A Bridge Across the Gap?

I just caught the end of a discussion on BBC R4 World at One about the attainment gap – the fact that girls outperform boys in school exams and assessments. I’ve heard a lot of talk about this recently and it’s a fascinating and important subject. Yet only today did I hear one of the contributors get to the root of the problem.

“Day 23 – Exam hall” by jackhynes is licensed with CC BY-NC-SA 2.0.

The discussion mentioned literacy levels and the findings that boys (particularly those from disadvantaged backgrounds)  struggle with reading much more often than girls. It was agreed that fewer boys read for pleasure. Someone wisely talked about the lack of role models for young boys. “They don’t see their dads reading.” This is true and it’s one of the problems that contributes strongly to the cause of the gap.

It’s a very difficult problem to solve, of course. I have worked in many communities where books are not seen as valuable and important. In fact, in deprived areas, reading is often regarded with scorn. Many parents in these places themselves struggle with basic reading and writing skills and they don’t feel confident enough to read to their children or they don’t see the value of it.

Men from working class backgrounds, in particular, have turned away from books. Reading is not normalised for males too often, and young boys therefore don’t regard it as a useful, important or enjoyable thing to do. Meanwhile, in households where reading is valued, where parents had parents who were readers (and read to them), books are valued and children more often become readers – boys and girls. The gap develops at an early stage for many youngsters.

Schools work hard to counter this, and the number of teachers who understand the huge value of reading for pleasure and the importance of reading aloud and enthusing about books appears to be growing again, after various official educational ‘initiatives’ worked against a culture of reading for enjoyment in schools for years.

But in nurseries, infant and primary schools generally, there are far fewer men than women teaching, so male role models are in short supply there too. In addition, children who are encouraged to read at home are further encouraged to read at school and this can extend the gap further, sadly. It’s nobody’s fault, it’s simply where we are.

But what can be done? Can it be fixed? Where can we find male role models for reading, men who are enthusiastic advocates for books for boys at all ages? Well I know where they are because I am one myself. There’s a whole gang of us: male authors of children’s books.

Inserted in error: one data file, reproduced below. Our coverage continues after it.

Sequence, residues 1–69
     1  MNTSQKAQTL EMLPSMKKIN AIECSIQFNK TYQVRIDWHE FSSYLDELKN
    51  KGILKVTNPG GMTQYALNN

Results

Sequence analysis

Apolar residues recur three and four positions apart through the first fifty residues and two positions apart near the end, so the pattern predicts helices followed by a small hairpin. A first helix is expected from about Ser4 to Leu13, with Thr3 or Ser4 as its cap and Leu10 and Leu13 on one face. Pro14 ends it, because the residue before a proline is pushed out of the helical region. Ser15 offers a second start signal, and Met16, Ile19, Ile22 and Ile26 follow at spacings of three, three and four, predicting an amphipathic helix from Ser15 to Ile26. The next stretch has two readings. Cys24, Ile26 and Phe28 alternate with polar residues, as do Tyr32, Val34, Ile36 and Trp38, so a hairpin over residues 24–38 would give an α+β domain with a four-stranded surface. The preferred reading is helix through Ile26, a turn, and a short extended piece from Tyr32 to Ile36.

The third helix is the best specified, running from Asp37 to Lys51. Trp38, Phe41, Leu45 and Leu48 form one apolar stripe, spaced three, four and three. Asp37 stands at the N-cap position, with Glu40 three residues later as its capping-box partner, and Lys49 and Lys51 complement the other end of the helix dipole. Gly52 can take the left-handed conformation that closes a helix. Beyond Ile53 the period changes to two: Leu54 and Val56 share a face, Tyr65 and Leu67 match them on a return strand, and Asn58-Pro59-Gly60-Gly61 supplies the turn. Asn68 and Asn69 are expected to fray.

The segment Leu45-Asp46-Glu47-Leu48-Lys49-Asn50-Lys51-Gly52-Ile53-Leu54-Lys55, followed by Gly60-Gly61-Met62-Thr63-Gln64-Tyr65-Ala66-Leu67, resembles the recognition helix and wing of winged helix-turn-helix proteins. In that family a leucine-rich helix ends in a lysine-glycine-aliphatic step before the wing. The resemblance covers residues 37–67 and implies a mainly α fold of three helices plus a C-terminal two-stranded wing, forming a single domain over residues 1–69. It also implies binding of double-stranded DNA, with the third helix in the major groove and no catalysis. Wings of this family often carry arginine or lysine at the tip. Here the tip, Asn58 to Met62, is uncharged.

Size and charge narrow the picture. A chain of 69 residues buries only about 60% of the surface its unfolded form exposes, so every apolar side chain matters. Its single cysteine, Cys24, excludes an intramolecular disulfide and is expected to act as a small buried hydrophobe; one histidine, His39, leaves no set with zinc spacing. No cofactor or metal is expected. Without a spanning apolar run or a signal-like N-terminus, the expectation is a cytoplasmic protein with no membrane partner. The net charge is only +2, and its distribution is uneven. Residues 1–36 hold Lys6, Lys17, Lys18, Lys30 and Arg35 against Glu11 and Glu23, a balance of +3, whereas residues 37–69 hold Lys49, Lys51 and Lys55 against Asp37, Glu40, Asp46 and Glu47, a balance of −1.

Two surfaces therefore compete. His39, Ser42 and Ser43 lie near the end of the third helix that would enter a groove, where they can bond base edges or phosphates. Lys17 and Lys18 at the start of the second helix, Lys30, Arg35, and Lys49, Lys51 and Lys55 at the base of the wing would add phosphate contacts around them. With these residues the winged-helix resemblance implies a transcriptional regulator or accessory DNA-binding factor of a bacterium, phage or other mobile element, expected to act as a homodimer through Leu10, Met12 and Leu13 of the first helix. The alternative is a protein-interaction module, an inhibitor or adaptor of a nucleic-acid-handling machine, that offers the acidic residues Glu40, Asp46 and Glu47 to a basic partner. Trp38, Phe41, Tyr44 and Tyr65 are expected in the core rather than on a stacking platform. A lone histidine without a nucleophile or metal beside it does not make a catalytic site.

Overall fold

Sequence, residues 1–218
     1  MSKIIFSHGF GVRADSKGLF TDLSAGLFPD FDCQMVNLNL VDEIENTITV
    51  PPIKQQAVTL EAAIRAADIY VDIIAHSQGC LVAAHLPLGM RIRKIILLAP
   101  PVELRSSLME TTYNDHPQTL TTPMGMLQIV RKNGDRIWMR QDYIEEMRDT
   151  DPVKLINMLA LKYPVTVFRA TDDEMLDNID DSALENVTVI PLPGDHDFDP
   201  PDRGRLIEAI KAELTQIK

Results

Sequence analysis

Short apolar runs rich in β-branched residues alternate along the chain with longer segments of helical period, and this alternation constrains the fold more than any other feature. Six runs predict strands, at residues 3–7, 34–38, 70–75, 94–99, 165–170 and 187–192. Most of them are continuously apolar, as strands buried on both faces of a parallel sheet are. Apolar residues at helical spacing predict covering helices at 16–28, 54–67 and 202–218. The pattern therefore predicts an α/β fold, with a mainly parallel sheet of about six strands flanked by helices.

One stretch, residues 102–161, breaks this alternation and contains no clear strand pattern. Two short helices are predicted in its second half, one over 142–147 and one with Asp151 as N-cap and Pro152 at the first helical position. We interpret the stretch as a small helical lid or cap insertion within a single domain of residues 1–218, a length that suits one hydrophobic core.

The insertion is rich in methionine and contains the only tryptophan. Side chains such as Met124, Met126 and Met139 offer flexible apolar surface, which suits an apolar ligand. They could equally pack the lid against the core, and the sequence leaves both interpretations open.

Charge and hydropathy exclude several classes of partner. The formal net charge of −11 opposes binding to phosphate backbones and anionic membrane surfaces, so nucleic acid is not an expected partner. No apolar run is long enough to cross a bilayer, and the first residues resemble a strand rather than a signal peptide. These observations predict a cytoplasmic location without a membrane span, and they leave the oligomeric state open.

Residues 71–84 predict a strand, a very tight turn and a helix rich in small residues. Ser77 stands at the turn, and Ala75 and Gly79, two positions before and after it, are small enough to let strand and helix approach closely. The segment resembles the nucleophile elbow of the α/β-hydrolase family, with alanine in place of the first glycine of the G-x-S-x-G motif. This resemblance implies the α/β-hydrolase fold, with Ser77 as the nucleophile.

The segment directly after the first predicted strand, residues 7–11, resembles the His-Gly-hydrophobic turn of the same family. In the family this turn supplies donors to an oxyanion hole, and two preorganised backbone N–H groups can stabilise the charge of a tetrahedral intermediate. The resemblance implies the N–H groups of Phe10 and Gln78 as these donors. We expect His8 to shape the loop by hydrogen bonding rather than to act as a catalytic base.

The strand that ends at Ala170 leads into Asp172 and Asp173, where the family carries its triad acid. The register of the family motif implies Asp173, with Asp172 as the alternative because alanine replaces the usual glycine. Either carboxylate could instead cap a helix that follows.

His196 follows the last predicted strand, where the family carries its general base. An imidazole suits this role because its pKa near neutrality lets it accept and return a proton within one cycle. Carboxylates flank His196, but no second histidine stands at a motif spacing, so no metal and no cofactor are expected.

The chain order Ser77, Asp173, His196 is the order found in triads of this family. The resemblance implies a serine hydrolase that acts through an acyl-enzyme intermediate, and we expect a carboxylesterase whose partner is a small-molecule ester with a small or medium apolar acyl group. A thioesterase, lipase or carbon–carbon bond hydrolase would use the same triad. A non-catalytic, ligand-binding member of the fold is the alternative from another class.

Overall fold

Of course, not all men who write for children are comfortable standing in front of kids and joyfully enthusing, but many are. In fact for me it’s become something of a way of life. I’m an ex-primary teacher anyway, so working with young audiences of children, quite often from deprived backgrounds, is not daunting.

In fact, over the last 20 years of being an author, I have visited around 400 schools and worked with all kinds of kids, young and old, rich and poor, readers and disengaged. I’ve learned how to win them over. In fact, it has become my job, essentially. Like many full-time writers I’ve found that it’s basically impossible to live off earnings from book sales, even when your books are very popular, and so I must do paid events to pay my bills: festivals, talks to adults, library sessions and – most important of all – school visits.

At the moment I am only paying the bills because of government assistance for the self-employed. Covid stopped all school author visits and, like many people in the creative industries, I found myself very stuck. But schools are struggling to pay for author visits anyway, despite the fact that these events have enormous value in terms of encouraging reading.

So there we are. A government minister is on national radio acknowledging that the attainment gap between boys and girls is a significant problem, and understanding that boys not having male reading role models is a contributory factor in this. And here I am, an expert book advocate, a professional male reading role model, an experienced and effective leader of workshops to get children into books, being paid by the government to sit at home…

Is there someone with power and influence out there who can put two and two together? For a modest national investment, authors like me could be paid to go into schools and make a difference. Children in disadvantaged areas can be inspired to see books in a new light – as something fun, good and enjoyable.

Two boys laughing in one of Andy's School Visiits

As it is, the schools which can afford authors to visit and enthuse their pupils are too often the ones in more wealthy areas, the independent schools particularly, and state schools where middle class-powered PTAs do stupendous fund-raising to help pay the cost. Many boys in these schools are reading anyway. The gap widens.

I must make it clear that female authors are just as inspirational as their male counterparts and in my view should also be funded to provide school visits that boost reading for pleasure. I am friends with many women writers who are outstanding workshop leaders with young people and are also sitting at home, not being given the opportunity to make a difference.

Of course, COVID-19 is still with us and variants are going to around for some time. But as a double-jabbed author I feel safe visiting schools now. Children have also been starved of fun events like author visits. Zoom simply won’t do it.

Shall we close the gap, or just let it keep growing and sit back as today’s non-reading boys become tomorrow’s non-reading fathers?

 

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